Showing that spectrum of operator is not compact

1. The problem statement, all variables and given/known data

Let [tex]X=C[0,\pi][/tex].
Define [tex]T:\mathcal{D}(T) \to X[/tex], Tx = x" where
[tex]\mathcal{D}(T) = \{ x \in X | x(0)=x(\pi)=0 \}[/tex].

Show that [tex]\sigma(T)[/tex] is not compact.

2. Relevant equations


3. The attempt at a solution
Well, functions sin(Ax) and sin(-Ax), for A=0,1,2,... are in the domain, and eigenvalues are all integers, which are not bounded, aka. not compact. But I am not sure how to show this in general case. Any help in the right direction is appreciated.
Last edited:
Yikes, the preview looked fine, but not sure what happened with that LaTeX code there. The operator is second derivative, Tx=x", and the domain is all functions in X so that x(0)=x(Pi)=0.


Science Advisor
Homework Helper
What do you mean 'general case'? I think you've shown that the second derivative operator T is unbounded, so it can't be compact. What else is there to show?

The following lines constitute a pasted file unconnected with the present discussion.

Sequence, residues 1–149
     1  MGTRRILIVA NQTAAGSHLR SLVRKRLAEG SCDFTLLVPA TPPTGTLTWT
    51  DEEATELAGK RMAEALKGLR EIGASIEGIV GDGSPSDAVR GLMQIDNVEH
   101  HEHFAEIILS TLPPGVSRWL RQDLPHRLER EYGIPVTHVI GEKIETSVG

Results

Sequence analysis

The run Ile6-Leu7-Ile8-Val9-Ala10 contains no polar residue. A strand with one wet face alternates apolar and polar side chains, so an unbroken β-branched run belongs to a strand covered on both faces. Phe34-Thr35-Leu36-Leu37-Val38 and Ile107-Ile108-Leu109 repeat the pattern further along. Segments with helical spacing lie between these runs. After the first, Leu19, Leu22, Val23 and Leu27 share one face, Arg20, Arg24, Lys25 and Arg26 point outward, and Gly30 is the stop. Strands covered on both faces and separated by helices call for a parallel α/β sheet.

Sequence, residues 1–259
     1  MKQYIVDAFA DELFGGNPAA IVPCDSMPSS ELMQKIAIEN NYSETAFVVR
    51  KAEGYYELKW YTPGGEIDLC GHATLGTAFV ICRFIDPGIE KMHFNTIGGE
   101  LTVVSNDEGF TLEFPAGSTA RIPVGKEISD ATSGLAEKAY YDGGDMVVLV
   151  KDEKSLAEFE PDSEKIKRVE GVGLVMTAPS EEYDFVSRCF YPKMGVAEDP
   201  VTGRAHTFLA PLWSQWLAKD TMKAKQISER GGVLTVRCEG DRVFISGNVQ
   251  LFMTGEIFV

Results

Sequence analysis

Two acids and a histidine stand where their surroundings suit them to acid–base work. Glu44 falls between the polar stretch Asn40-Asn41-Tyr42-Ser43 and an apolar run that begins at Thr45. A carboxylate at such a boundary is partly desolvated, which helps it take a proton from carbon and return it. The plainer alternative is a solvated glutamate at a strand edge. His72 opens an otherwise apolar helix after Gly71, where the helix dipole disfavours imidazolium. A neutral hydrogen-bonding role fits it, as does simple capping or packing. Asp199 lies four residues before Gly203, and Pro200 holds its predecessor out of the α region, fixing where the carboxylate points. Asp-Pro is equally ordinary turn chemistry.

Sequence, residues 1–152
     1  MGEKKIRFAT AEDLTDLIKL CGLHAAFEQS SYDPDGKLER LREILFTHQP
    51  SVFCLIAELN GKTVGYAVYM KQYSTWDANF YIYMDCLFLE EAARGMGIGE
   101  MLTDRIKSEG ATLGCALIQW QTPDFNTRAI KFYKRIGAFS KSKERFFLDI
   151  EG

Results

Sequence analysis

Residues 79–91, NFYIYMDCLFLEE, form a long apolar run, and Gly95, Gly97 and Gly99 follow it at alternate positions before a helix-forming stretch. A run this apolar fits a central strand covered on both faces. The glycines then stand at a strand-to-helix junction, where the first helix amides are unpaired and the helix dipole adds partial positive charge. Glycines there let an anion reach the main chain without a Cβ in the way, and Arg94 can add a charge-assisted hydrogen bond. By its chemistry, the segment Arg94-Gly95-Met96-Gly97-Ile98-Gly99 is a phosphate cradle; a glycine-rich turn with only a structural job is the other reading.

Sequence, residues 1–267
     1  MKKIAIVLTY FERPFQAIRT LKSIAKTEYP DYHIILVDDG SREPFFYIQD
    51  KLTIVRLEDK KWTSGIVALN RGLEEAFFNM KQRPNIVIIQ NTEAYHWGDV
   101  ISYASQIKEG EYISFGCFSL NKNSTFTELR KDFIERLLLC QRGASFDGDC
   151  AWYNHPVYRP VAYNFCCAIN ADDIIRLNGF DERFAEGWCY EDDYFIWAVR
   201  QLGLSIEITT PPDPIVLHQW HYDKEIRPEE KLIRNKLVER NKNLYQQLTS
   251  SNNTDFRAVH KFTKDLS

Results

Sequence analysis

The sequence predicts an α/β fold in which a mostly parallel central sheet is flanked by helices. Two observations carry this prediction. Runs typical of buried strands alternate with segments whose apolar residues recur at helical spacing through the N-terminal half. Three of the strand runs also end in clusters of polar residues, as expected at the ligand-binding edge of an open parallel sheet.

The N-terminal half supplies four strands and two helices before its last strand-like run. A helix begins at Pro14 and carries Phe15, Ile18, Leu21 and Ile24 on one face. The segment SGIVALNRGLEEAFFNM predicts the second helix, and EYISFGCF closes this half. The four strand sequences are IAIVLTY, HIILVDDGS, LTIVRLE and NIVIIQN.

Well, I guess I came up with an example of a function that's in the domain, and whose set of eigenvalues are not bounded, and eigenvalues are in the spectrum. I just wasn't really sure if that is enough to show that it's true for ALL functions in the domain.

Also, I noticed I made a mistake. If f(x)=sin(Ax), then [tex]f''(x)=-A^2sin(Ax)[/tex], so for any integer A, [tex]-A^2[/tex] is an eigenvalue, which is still an unbounded set.


Science Advisor
Homework Helper
That what is true for ALL functions in the domain? Compactness or boundedness are properties of the operator T, not of specific functions. Your example shows T is not a bounded operator, I think it's just fine.
Point taken. Thanks for the input :)

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